West Coast
California Academy of Sciences

Sick marine mammals turning up on California seashores in droves

As record rains have poured down on California’s coasts, sending thousands of gallons of runoff into the ocean and dumping debris and trash onto the beaches, dozens of sickened marine mammals have been turning up along the state’s shores this winter.

Rescues of unhealthy seals and sea lions have nearly tripled for this time of year in Orange County, according to the Pacific Marine Mammal Center, which this week took in its 41st pinniped since the year began.

“It’s been a little bit of a whirlwind,” said Krysta Higuchi, a spokeswoman for the Pacific Marine Mammal Center in Laguna Beach. “We’re going through fish, funds and medical supplies faster than we expected. It is a strain on all of us here.”

The center says it’s normal for the number of stranded pinnipeds to go up near the end of March, but this year the organization has rescued a large number of sea lions along with three elephant seals much earlier than usual, and most are 8-month-old pups.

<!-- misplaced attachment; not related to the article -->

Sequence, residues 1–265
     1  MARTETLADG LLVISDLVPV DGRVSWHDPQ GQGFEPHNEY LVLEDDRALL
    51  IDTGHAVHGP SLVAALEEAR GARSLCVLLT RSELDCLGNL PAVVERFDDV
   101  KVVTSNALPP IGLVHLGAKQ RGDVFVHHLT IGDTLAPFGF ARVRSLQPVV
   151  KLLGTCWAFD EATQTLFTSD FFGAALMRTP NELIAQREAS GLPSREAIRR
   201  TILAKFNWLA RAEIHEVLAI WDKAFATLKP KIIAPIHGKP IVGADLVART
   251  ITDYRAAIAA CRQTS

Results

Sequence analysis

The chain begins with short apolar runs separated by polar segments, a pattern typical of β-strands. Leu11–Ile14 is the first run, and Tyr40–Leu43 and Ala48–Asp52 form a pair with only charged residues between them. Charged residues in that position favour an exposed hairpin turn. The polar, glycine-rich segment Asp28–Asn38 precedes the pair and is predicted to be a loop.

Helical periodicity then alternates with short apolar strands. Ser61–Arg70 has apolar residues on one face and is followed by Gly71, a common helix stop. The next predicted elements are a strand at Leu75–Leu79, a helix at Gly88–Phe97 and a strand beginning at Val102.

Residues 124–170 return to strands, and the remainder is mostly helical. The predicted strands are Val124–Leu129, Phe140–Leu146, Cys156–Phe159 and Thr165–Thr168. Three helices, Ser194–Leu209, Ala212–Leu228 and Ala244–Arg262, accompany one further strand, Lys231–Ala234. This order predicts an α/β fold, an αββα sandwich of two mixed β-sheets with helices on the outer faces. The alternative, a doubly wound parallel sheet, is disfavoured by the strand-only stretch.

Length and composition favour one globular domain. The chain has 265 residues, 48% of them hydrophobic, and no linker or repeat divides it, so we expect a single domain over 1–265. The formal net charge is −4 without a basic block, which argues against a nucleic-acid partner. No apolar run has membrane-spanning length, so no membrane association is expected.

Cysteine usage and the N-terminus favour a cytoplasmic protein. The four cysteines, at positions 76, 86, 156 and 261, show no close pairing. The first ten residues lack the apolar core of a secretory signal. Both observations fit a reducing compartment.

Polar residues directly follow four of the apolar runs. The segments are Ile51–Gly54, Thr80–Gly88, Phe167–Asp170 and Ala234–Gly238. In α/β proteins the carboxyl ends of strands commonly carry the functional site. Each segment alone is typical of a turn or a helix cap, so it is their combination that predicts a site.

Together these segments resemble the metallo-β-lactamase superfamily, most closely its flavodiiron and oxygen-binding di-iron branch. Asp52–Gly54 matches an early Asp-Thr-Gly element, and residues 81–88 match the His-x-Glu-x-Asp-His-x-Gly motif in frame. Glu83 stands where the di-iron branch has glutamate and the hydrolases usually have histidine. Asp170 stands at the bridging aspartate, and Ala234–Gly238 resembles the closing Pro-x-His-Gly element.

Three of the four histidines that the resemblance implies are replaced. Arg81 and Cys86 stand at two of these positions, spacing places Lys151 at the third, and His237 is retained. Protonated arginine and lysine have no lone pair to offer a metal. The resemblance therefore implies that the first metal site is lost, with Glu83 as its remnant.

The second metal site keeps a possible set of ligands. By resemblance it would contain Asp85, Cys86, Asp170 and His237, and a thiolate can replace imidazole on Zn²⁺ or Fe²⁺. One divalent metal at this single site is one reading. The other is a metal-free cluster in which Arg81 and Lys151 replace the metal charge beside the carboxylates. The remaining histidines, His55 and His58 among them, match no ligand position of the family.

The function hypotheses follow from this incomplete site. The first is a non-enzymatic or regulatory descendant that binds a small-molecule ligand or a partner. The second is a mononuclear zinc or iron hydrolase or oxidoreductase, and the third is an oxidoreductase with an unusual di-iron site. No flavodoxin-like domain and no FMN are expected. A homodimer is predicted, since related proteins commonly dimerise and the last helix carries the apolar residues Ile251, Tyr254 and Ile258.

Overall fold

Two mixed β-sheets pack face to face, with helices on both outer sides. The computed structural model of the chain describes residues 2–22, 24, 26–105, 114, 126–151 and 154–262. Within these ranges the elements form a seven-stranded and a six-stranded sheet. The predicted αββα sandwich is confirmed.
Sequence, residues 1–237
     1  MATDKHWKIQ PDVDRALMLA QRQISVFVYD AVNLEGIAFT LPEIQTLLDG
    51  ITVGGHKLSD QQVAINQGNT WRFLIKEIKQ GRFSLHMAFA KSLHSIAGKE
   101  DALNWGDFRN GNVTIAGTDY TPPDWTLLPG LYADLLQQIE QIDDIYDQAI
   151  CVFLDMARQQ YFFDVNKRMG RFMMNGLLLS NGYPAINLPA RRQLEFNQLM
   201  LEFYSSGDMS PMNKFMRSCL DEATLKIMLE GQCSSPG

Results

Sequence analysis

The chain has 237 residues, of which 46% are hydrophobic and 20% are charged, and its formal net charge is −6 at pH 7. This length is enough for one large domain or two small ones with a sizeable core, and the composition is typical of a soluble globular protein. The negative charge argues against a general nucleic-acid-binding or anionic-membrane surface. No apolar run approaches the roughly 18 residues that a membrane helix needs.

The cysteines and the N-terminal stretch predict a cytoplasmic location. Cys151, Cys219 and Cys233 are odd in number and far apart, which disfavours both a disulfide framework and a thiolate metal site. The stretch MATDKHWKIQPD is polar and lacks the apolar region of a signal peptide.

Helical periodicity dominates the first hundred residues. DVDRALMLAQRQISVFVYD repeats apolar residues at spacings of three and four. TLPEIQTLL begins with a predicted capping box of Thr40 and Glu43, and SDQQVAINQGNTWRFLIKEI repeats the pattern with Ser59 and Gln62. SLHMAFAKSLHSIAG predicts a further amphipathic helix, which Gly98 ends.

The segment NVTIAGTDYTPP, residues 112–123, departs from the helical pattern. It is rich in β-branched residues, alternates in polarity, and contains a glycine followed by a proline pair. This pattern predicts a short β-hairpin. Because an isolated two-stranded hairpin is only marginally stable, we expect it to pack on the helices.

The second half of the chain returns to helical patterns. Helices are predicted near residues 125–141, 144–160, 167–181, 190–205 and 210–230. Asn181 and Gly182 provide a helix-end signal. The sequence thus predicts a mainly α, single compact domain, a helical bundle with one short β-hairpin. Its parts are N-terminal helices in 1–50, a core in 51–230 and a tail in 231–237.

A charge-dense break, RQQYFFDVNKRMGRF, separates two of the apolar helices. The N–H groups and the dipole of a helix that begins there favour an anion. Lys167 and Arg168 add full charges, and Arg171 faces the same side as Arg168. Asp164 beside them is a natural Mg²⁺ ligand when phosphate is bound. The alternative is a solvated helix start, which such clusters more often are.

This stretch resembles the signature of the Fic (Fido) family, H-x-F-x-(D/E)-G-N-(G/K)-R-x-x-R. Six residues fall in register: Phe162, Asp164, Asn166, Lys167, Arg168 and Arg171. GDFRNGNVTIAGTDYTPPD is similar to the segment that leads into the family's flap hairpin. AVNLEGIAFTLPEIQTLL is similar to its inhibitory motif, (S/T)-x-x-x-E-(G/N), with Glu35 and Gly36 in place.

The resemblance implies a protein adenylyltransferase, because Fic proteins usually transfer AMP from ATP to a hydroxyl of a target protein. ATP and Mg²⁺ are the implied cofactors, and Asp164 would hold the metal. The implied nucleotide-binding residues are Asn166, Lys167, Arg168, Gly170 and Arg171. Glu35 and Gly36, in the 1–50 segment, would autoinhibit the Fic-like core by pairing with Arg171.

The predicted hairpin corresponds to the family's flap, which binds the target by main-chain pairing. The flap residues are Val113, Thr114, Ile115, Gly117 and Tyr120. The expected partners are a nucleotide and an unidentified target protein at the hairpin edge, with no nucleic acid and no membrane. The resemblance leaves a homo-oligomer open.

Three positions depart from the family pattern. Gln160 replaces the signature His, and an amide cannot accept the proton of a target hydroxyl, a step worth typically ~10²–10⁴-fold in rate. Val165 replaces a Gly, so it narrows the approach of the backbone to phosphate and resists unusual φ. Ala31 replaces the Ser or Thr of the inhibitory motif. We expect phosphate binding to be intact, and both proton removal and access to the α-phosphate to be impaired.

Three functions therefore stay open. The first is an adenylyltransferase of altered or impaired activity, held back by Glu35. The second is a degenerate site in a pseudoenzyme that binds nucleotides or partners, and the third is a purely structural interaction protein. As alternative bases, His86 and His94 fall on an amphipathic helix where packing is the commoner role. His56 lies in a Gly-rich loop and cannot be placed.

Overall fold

Sea lion pups are typically beached because their mothers are unhealthy and cannot properly feed them, or they were strong enough to wean early and then are unable to find food on their own, according to Sharon Melin, a wildlife biologist with the National Oceanic and Atmospheric Administration.

The pups rescued have been dry, malnourished and emaciated, weighing half as much as they should, the marine center said.

While the exact reason for the increase in the number of strandings this year is unknown, Higuchi said it could be tied to warmer ocean waters caused by an El Nino weather pattern or excess stormwater runoff from all of this winter’s rains.

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